Immunofluorescence and immunohistochemistry experiments

For immunofluorescence (IF) experiments, frozen kidney sections (10 μm) and hRPTEpiC slices were fixed with ice-cold acetone for 10 min. The sections were washed with PBS for four times and blocked with blocking buffer (1% BSA and 2% donkey serum diluted in PBS) at room temperature for 30 min. Primary antibodies were diluted in blocking buffer and incubated overnight at 4 °C; the primary antibodies used were anti-flavivirus envelope protein antibody (1: 200, clone D1-4G2-4-15, Millipore, Darmstadt, Germany), rabbit anti-Vimentin (1:200, #5741, Cell Signaling Technology, CST, Danvers, MA, USA) and rabbit anti-cleaved caspase-3 (1:400, #9661, CST). The secondary antibodies used were Alexa Fluor 488 donkey anti-rabbit IgG H&L (1:1 000, ab150073, Abcam) and Alexa Fluor 568 donkey anti-mouse IgG (H+L) (1:1 000, ab175472, Abcam, Cambridge, UK).

For immunohistochemical (IHC) staining, frozen kidney sections (10 μm) were treated as described above. Primary antibodies were diluted in blocking buffer and incubated overnight at 4 °C; the primary antibodies used were rat anti-CD4 (1:200, ab25475, Abcam), rat anti-CD8 (1:400, ab22378, Abcam), rat anti-neutrophile (1:200, ab2557, Abcam) and rat anti-monocyte chemoattractant protein-1 (MCP-1; 1:200, ab8101, Abcam). After rinsing with PBS, the primary antibodies were subsequently detected with a rabbit anti-rat IgG H&L (HRP) secondary antibody. Sections were lightly counterstained with Mayer’s hematoxylin. Images were taken using a Tissue FAXS 200 flow-type tissue quantitative analyzer (TissueGnostics GmbH, Vienna, Austria).


For RT-qPCR and TCID50 quantification, five biological replicates were performed, and the results are displayed as the mean±sd. Unless otherwise noted, statistical analyses were performed using two-tailed Student’s t-test.

Whole-transcriptome (RNA-Seq) analysis

Mock and infected hRPTEpiCs (three replicates in each group) were harvested at 48 h post infection. Whole-transcriptome sequencing was performed by Genergy Biotechnology Inc. (Shanghai, China). RNA-Seq short reads were aligned to the human genome (GRCh38) using GSNAP46 with a maximum of two mismatches. On average, ~23.7 million reads across all samples were aligned to the reference, which accounted for 95.9% of total reads. Gene expression was determined as number of short reads that fully/partially aligned to the annotated gene model using HTseq.47 Expressed genes were defined as those genes having more than 10 total mapped reads in all samples with at least two of three replicates having more than two reads. In total, 17 699 genes met the criteria and were defined as expressed in both mock and ZIKV-infected libraries. Differential expressed genes (DEGs) were identified using the R Bioconductor package ‘edgeR’.48 Trimmed mean of M-values normalization was applied to account for differences in library size among samples. Read counts were fitted into generalized linear model with negative binomial distribution and the effect of viral infection was evaluated by a likelihood ratio test. P-values were adjusted for multiple tests using false discovery rate.49 Significant DEGs were identified with a FDR ≤0.05 and a log2(fold change) ≥1. Gene ontology enrichment analysis was performed using GOrilla50 by comparing the up/downregulated DEGs to a list of all expressed genes. Significant GO terms with FDR ≤0.05 were reported.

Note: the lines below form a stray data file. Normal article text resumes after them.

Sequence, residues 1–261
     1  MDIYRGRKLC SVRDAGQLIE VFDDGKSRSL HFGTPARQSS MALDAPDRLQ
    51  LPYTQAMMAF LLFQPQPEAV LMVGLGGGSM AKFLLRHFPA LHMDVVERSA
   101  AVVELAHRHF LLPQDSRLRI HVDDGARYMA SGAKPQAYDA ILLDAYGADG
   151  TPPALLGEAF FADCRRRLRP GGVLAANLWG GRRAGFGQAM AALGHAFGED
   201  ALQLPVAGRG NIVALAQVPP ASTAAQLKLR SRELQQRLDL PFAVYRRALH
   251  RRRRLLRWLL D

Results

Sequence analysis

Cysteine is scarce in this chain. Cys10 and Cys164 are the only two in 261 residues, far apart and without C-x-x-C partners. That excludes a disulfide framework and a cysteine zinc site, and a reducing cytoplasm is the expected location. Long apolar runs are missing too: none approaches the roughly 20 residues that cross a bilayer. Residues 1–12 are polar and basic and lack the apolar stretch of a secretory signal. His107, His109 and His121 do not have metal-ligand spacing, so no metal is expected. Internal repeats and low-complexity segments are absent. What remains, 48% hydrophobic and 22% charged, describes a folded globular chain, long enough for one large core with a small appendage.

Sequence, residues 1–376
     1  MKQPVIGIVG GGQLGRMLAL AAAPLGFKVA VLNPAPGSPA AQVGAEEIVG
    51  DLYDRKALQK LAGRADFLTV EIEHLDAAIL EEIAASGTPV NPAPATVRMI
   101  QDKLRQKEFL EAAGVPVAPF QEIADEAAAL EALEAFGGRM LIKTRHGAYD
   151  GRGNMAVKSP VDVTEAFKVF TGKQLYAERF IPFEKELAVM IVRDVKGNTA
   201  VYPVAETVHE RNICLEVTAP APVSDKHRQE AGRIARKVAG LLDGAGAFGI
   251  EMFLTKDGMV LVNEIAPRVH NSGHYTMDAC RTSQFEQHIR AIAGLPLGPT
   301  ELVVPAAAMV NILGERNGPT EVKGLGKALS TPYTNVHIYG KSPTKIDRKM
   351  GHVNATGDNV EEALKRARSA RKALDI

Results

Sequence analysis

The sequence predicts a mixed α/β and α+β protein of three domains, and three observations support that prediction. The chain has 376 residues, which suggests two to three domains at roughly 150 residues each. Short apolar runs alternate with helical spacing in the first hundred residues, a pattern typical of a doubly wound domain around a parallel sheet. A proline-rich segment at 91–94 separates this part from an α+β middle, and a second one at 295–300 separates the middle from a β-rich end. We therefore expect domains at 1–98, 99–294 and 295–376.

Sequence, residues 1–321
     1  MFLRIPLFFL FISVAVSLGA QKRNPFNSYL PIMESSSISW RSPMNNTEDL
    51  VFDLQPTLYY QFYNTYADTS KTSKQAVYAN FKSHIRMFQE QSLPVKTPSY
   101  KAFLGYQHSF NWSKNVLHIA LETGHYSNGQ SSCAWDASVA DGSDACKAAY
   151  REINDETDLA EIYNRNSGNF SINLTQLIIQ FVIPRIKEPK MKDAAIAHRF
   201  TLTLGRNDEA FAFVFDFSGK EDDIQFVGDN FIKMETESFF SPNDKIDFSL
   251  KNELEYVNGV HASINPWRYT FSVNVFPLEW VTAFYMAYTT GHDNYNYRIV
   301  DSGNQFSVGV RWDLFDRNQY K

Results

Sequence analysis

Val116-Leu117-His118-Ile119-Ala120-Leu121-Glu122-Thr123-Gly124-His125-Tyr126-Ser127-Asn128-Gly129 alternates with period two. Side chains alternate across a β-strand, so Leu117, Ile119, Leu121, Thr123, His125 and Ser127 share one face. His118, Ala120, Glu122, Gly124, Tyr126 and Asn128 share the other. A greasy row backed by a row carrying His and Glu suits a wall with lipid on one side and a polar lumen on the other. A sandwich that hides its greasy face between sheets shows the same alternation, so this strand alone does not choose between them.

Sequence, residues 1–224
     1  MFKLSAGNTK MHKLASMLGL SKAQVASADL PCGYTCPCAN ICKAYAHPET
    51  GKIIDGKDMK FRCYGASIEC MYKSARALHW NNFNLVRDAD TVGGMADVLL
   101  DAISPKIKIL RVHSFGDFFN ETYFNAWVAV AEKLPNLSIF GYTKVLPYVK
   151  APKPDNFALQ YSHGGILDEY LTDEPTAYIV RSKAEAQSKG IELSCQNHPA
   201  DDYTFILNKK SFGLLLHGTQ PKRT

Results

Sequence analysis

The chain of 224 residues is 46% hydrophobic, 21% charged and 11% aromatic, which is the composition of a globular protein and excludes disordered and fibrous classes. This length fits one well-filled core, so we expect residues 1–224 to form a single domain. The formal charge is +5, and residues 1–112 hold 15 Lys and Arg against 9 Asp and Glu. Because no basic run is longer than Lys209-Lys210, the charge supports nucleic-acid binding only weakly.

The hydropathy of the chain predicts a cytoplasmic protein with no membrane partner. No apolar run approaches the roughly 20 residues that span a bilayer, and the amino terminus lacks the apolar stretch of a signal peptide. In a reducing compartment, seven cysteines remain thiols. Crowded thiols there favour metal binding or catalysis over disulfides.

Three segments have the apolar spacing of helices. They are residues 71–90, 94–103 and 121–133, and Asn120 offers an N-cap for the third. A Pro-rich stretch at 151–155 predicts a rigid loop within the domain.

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Viral production and ZIKV infection in a mouse model

Although ZIKV can be detected in patients’ urine sample, no renal abnormalities or biopsies in humans have been reported to date. To identify the host cells of ZIKV in kidneys, we chose to use type I and II IFN receptor-deficient mice (AG6) to model the in vivo renal infection of ZIKV. SZ01, an Asian-lineage ZIKV,45 was produced in C6/36 cells in high quantity and PFU. Buffered saline or 1 × 105 PFU of SZ01 ZIKV was inoculated into AG6 mice via i.p. injection. Kidneys from both the mock and ZIKV groups were harvested and sectioned at day 7 post infection. No bleeding or anatomic abnormalities of kidneys were observed.

ISH, IHC and IF studies of infected kidneys